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Comp plan nears completion, boundary dispute decision nears


Petersburg Borough Manager Steve Giesbrecht provided a rundown on the latest details concerning the borough’s boundary dispute along with the comprehensive and waterfront master plans at its November 23 meeting.

The plans—documents that guide long-term community planning and growth over the next two decades—are in their final stage and will be formally presented to the assembly in early December.

Major additions to the harbor master plan include a condition assessment of the harbor facilities.

“That was the big piece that was missing from the earlier drafts of the waterfront development plans,” Giesbrecht said. “Those are now in Glo’s (Wollen’s) hands and she’s going through those.”

The facility condition assessment analyzes harbor facilities such as Papke’s, Banana Point and the Kupreanof float and estimates how much life each facility has left and how much it would cost to repair.

According to ordinance, the Planning and Zoning Commission along with the Harbor Board will review and approve the comp and waterfront plans, and will then make recommendations to the assembly. That should happen sometime in January. Meanwhile, the public can obtain copies of the plans from the borough office or online.

On a related note, Giesbrect spoke with the borough’s attorney who said the Alaskan Supreme Court Justices are circulating their opinions regarding the Petersburg Borough Boundary lines that were contested by Juneau in 2012 when Petersburg became a borough.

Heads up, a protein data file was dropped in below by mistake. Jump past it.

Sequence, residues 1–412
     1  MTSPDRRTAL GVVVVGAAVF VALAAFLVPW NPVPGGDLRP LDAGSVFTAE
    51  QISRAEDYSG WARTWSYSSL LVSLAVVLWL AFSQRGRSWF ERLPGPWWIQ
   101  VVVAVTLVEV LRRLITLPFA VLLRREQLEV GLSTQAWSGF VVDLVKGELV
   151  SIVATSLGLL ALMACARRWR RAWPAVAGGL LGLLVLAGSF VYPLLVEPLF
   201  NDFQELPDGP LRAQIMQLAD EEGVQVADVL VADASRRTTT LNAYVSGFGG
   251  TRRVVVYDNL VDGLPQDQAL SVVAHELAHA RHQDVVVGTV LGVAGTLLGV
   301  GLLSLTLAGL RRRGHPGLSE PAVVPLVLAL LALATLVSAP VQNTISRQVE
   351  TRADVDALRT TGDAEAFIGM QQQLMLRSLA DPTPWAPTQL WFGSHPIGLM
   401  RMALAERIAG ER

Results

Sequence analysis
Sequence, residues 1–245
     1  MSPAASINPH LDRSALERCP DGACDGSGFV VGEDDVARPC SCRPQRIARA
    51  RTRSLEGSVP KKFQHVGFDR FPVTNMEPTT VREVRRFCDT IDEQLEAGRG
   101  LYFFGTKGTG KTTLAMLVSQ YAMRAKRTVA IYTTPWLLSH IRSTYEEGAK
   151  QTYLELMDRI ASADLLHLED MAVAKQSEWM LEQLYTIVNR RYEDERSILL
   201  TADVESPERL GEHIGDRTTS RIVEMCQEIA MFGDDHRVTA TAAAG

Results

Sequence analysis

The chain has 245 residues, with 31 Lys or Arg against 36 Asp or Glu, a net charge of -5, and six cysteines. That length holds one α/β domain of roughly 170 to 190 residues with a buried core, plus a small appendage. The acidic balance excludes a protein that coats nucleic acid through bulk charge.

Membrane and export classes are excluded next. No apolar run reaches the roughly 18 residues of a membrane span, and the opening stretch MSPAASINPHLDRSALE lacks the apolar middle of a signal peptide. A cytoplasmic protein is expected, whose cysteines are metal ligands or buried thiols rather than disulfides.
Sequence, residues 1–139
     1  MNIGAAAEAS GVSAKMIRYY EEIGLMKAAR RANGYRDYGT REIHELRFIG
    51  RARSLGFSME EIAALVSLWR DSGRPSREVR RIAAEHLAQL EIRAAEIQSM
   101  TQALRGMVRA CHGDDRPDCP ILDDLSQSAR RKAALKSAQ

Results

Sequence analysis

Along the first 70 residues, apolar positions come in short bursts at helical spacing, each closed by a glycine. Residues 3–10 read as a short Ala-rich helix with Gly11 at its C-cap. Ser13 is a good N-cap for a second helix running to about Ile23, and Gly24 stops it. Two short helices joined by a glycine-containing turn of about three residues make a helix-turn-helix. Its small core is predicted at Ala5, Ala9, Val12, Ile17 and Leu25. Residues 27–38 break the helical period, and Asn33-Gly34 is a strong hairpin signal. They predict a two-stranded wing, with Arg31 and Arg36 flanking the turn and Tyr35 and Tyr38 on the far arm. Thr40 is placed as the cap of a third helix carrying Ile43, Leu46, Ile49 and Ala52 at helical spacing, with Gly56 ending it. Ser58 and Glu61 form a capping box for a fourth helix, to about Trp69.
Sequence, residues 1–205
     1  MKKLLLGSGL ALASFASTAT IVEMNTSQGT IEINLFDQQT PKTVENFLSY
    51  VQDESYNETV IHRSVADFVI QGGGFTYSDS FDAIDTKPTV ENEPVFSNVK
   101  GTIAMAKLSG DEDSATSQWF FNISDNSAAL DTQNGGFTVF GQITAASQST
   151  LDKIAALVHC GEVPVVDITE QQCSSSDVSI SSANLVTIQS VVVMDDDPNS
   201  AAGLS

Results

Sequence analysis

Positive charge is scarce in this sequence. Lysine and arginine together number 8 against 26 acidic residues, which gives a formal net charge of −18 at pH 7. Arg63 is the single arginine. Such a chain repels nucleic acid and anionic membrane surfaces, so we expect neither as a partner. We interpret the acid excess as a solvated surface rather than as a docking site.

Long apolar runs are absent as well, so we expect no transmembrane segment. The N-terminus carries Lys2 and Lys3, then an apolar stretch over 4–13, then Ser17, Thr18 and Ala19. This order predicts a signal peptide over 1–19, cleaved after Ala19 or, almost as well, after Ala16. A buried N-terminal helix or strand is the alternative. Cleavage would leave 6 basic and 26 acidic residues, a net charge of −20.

“That means a month give or take before they actually issue their opinion,” Giesbrecht said. “At this point, December or January, we should have an answer on the issue.”

The final decision will assist the Petersburg Land Selection Committee in selecting which state lands the borough can annex.

“DNR has not been really forthcoming with lists of property that we can choose from,” Giesbrecht said. “They gave us a list and Liz (Economic Development Director Cabrera), on her own and with her staff, found lots more state property in our borough that for whatever reason DNR has not included in our abilities to select,” Giesbrecht said. “We do not have an answer and have not yet been able to get an answer from DNR on why they’re doing that.”

Mayor Mark Jensen recently attended the Alaska Municipal League conference and said Governor Bill Walker seemed open to the idea of giving state land to municipalities in lieu of decreased state spending due to budget cuts.

“They seemed receptive to it so maybe we’ll have to look into it a little bit deeper to try and get the land that’s available for selection when we get to that point,” Jensen said.


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